How to Handle Holiday Pet Care
Going on a trip? Here are tips for what to do with the pets.
Heading to relatives or friends homes for the holidays is an exciting time — especially when the entire family will be reveling in holiday festivities. Planning your trip takes patience, time and almost the skills of a project engineer, especially when planning what to do with the family pets.
The knee jerk reaction of how to handle the situation is usually one of two approaches. The pets will either come along for the ride, be uprooted and stuffed into a crate for flying or sandwiched between luggage in a car. (Personally a road trip with a cat crying its head off is not my idea of fun, but to each his own) The second option is the old standby: asking the “neighbor” or even more trustworthy. the “neighbor girl” to handle your pet or pets.
What is your best choice for a family member?
Neighborhood connections. They are close in proximity and you know them by taking out the trash at the same time, and while shoveling your driveway. They may have an animal. You associate this with trust and ability to care for your animals. But, have you done a criminal background check? Do they know how to give medications, do they know how to read canine and feline body language and know signs of distress? Will they even show up? Will they focus on your pets, or their smart phones?
Boarding facilities. Dogs are animals that love change, that enjoy a road trip and can easily adjust to new surroundings. Many doggie day care facilities offer the option of boarding pets for the holidays, but you had to make your reservation in 2009. Plainly said, they fill up fast. Many animals do well in this “pack” environment, and many are terribly stressed by being in a new environment, especially seniors. Make sure when checking out these facilities that you feel comfortable with the cleanliness level, the handler-to-pet ratio (ideally, it should be 1 handler to 10 dogs) and make sure there are people there ON DUTY 24 hours a day. Some boarding facilities have private rooms and private dog runs and some are just like leaving your pet in a crate all day — with lots of upcharges for walking and play time. Do your homework. Not all facilities are created equal.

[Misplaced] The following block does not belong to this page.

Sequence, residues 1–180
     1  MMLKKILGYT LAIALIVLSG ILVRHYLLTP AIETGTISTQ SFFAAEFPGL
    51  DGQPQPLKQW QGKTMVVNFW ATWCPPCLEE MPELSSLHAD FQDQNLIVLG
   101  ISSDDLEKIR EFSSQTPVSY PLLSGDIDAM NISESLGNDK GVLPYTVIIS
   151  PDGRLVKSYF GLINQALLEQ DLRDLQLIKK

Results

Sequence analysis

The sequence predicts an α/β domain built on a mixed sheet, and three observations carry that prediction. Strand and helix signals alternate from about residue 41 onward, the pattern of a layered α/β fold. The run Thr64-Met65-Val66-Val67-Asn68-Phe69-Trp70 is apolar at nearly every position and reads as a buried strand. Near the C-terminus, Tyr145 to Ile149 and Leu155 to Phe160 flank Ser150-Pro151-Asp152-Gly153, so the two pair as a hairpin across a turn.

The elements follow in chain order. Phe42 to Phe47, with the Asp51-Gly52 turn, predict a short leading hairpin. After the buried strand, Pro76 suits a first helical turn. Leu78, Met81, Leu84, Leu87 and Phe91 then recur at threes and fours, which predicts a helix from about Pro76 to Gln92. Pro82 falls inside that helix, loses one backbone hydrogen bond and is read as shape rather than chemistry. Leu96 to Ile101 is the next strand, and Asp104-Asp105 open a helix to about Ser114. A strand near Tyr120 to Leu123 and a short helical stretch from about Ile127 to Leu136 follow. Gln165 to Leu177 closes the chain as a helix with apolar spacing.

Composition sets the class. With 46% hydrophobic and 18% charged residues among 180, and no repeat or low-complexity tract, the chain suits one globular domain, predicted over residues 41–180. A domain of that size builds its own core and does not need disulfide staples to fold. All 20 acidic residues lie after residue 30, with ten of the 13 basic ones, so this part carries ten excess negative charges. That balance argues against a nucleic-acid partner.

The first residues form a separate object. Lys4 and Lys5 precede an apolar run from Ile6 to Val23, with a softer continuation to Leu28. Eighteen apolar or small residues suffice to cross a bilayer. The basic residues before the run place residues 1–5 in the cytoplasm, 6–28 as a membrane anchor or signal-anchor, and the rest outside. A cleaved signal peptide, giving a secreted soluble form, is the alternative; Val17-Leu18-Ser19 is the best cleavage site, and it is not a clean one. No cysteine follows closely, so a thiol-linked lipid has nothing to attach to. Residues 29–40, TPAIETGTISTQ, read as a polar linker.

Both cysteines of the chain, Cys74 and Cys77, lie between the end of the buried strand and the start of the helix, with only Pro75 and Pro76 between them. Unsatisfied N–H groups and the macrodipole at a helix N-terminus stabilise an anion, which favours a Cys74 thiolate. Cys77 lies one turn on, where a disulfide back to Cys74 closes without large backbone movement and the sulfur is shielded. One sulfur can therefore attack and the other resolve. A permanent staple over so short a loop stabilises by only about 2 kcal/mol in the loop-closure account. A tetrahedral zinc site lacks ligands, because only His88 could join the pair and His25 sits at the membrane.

Professional Pet Sitters and Dog Walkers. These come in all shapes and sizes, the same as your fur kids! Ranging from “hobbyists” (people who do this for fun, a side gig, really not professionally trained, nor bonded or insured) to experienced, reliable care givers. When seeking the best care for your pets, look for a company that has been in business for at least five years, (average life span of a pet sitting company is 18 months due to burn out), has a professionally trained and monitored staff who have been through criminal background checks, Pet 1st Aid and CPR training and who are bonded and insured, know how to give medications and have a back up plan. What the back-up plan should include: if another client’s animal is ill, and the sitter needs to go to the ER room, another team member will be able to jump in and care for them.
By reading reliable review sources, asking your vet or groomer, asking a co-worker or by doing an internet search, you’ll be able to choose from many reliable pet sitting services and find the perfect fit.
Happy Holidays to all and have a great vacation!
Sponsored by Wisconsin Pet Care
Wisconsin Pet Care is an award-winning company which since 2008 has provided dog walking and in-home pet sitting. Serving the Milwaukee area and surrounding communities, it is available 365 days a year, 24 hours a day. The company’s pet-loving folks will come to your home to love and play with your furry family members. Call 877-822- 6926.